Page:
Back to the Future of Supply Chains

LinkedIn +

Many finalists were extremely focused on ‘preparing for the future’ and ‘getting their supply chain ready for tomorrow’. Telefonica O2 UK, this year’s overall winner, wants to ‘configure next generation supply chains focused on how to serve the customer by ‘closing the order fulfilment loop’ and proactively integrating the product portfolio and the end-to-end customer experience’. Second placed Carlsberg believes that ‘extended collaboration’ will shape the way for the future for joint growth between strategic partners, while third placed Henkel emphasises ‘producing closer to market’ and “building smart technologies for real- time demand visibility’.
There was no surprise to see a very strong cost focus among many finalists, however what was particularly interesting was the emphasis in three key areas: supply base risk minimisation, intelligent use of technology to drive supply chain innovation and really for the first time, a focus on the environment as a strategic differentiator. We were delighted to see a significant number of entries for the supply chain innovation category this year. It was clear that many organisations are increasingly focused on how to “act differently” and to explore new ways of working in a search for continuing sources of improvement. We were able to characterise these into three types of innovation: innovation within the company; innovation within the industry; and finally (and most interestingly) innovation that transcends industries.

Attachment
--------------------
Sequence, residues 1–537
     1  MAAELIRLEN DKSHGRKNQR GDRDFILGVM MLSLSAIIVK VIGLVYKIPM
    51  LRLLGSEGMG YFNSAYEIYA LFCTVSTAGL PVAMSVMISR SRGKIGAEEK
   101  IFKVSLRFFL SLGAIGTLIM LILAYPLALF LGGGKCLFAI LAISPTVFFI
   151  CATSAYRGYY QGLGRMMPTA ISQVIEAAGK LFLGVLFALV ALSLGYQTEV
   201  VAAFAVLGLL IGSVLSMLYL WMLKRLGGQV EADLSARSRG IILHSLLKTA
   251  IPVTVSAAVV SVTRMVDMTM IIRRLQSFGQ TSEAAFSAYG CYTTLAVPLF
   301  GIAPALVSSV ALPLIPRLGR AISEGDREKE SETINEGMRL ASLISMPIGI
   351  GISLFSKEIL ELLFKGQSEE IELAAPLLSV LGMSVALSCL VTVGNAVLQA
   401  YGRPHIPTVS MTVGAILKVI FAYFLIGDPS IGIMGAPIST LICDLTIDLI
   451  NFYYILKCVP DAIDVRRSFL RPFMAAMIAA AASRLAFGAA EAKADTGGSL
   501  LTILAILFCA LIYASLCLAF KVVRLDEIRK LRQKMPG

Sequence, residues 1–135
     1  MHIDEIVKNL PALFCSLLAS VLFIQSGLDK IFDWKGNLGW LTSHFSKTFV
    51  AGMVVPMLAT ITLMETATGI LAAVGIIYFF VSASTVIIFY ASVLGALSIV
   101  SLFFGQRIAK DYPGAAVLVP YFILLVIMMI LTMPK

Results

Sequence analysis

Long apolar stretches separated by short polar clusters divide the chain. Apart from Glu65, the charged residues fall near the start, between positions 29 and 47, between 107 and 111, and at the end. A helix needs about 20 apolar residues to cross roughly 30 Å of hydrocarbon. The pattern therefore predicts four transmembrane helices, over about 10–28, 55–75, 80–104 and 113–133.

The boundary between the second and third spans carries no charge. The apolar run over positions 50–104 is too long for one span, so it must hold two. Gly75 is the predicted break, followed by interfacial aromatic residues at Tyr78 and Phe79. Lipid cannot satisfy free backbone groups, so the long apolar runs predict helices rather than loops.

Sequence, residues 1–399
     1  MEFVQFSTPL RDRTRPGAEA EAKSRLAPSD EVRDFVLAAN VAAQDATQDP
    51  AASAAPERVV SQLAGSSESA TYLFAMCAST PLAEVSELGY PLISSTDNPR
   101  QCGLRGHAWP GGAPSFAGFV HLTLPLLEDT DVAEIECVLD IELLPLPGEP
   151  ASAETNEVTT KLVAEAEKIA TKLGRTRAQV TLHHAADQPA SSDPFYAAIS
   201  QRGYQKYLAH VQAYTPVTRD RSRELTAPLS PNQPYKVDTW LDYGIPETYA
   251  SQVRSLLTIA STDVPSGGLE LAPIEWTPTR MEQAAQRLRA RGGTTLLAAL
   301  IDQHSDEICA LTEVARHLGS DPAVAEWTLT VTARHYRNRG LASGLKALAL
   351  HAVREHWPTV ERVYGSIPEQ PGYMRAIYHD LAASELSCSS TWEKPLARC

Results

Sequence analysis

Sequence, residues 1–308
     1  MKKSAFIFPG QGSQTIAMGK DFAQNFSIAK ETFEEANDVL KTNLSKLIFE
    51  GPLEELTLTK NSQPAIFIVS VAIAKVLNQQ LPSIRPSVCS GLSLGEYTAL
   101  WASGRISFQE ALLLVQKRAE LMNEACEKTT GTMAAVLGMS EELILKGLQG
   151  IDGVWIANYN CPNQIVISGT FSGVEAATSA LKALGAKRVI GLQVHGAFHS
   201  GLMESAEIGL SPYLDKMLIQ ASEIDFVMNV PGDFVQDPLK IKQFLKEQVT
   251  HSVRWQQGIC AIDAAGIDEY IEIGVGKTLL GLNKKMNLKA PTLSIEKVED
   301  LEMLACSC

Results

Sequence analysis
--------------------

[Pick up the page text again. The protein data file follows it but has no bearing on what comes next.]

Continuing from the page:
As an example, GSK, the winner of our Supply Chain Innovation award, has pioneered the use of leading supply chain thinking to support “differential development”, a paradigm change in the way it approaches clinical trials and impacting time to market. A real example of supply chain innovation driving transformation and a first in the industry, it is now leveraging this capability across other parts of its business.
Other examples of supply chain innovation were redesign of loading bays for improved health and safety, deferred packaging strategies to optimise logistics operations, dynamic modelling to drive benefits during an ERP implementation, pallet pooling, empty container optimisation, minimising of glass thickness and bulk liquid transport and model-based benchmarking.
A comparison of “supply chain practice maturity” has indicated a plateauing of supply chain capability. Despite all the great work we have seen in this year’s entries, I still remain concerned that companies are not developing enough innovative supply chain capability at a global level.
Ultimately what differentiated this year’s winner, Telefónica O2 UK, was the clear demonstration of how the supply chain can be used to support and enable the business strategy. Helping to deliver competitive advantage through focusing on some of the basics and going “back to the future” by investing in the development of a new set of supply chain capabilities to compete in a fiercely competitive market place.
Masood Hassan is UK supply chain lead principal at PRTM and was responsible for the facilitation of the judging process.

Share this story: